This belief leans toward the idea that in the crass adult world, kids need to be "toughened up" in their childhood in order to survive as grown-ups. Those who belong to this school of thought believe that this tough love should be shown in form of punishment and the use of punitive, parental power.
Here's why this theory is amiss:
Let's start with the general idea that parents want their children to grow up to become responsible, capable adults. They raise their children to show them the differences between "right and wrong" and the skills needed to fulfill their basic needs. Growing up, children learn a language for communicating with others, how to use numbers, how to drive, etc. Very few of these children take a course that teaches how to communicate effectively with others in order to get their needs met, especially during times of conflict. They learn how to talk with people and how to problem solve by mimicking what their parents do. After all, "modeling" is the most powerful way to teach anyone, anything.
In a world where most of us grow up with the use of punishment and parental superiority, it's no wonder that the "real world" we are planted in is so tough. Imagine millions of crying, whining adults scolding each other, telling each other what to do, striking out in anger and stepping on the heads of others; all of this in attempt to get some need met. The inadequacy of trying to solve problems this way is monumental.
Let's delve deeper into the mind of a child raised this way. What happens to the human psyche when our needs are met with threats, commands, blame, judgement and name-calling (just to name a few)?
These common reactions to children produce a countless number of side-effects. When a child begins to fear a parent, they are also hearing a threat of getting hurt by someone bigger and stronger than they are. While the power might work to modify the child's behavior for the moment, the child will almost ALWAYS fester resentment, which will trigger hostile responses in the future. Alternatively, this may cause a child to become submissive and fearful.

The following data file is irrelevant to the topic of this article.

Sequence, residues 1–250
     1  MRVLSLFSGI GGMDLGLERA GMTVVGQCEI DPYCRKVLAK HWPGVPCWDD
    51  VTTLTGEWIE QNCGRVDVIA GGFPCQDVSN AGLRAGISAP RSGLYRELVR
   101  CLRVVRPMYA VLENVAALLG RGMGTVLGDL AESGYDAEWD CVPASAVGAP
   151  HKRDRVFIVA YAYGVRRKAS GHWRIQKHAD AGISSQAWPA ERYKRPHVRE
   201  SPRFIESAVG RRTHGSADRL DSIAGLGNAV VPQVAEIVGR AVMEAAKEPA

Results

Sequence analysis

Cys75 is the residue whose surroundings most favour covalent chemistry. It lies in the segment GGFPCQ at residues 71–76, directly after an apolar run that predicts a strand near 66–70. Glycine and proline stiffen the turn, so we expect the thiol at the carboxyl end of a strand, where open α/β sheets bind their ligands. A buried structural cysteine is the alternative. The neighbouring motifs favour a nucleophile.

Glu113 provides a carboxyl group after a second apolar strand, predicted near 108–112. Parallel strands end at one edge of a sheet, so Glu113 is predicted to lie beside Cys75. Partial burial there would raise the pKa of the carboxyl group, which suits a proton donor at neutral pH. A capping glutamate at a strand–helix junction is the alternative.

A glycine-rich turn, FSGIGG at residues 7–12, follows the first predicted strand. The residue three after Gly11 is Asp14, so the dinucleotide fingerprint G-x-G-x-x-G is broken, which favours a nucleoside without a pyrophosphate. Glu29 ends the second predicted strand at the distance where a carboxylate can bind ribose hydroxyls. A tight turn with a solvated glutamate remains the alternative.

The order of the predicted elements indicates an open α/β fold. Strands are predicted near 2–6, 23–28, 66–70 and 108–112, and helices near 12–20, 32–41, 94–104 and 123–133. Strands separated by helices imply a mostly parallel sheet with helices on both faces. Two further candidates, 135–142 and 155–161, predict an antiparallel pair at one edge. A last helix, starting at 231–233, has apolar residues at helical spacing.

Parents' use of demanding or ordering their children to do something communicate to the child that the parent does not have faith in the child's own judgement or capability. Patterns like this create reluctance in decision-making and an inability to problem-solve on their own, simply because they haven't been given the chance to practice using their own judgement. The common thought here would be, "I always do it wrong so why try?"
Criticizing and name-calling have some of the worst effects on children. Dr. Thomas Gordon wrote, "A child's self-concept gets shaped by parental judgement and evaluation. As the parent judges the child, so will the child judge himself." Like adults, children will respond with defensiveness even in cases disguised as "constructive criticism." In order to protect their own self image, children can become very hostile in the face of blame, ridicule and disagreement.
Stepping out from behind the microscope, we know how and why punitive parenting causes hostile and apprehensive adults. The failure of many marriages, business partnerships and friendships can be found as a result of "how you were raised" versus "how he/she was raised." It's important to know that the true test of a relationship isn't how many conflicts occur, but rather, how each conflict is handled. Gordon said conflict to be the "true test of a relationship."
When one learns how to deal with their own feelings AND the intense feelings of others, while accomplishing the common goal of each person getting what they need WITHOUT having to compromise, our work here is done.
By now, you might be wondering: "How can I do that?!" Well, ahem, there are half a dozen books that can explain it all! Check out the work of Dr. Thomas Gordon and Linda Adams here.
And as always, let us know what you think.
written by: Selena George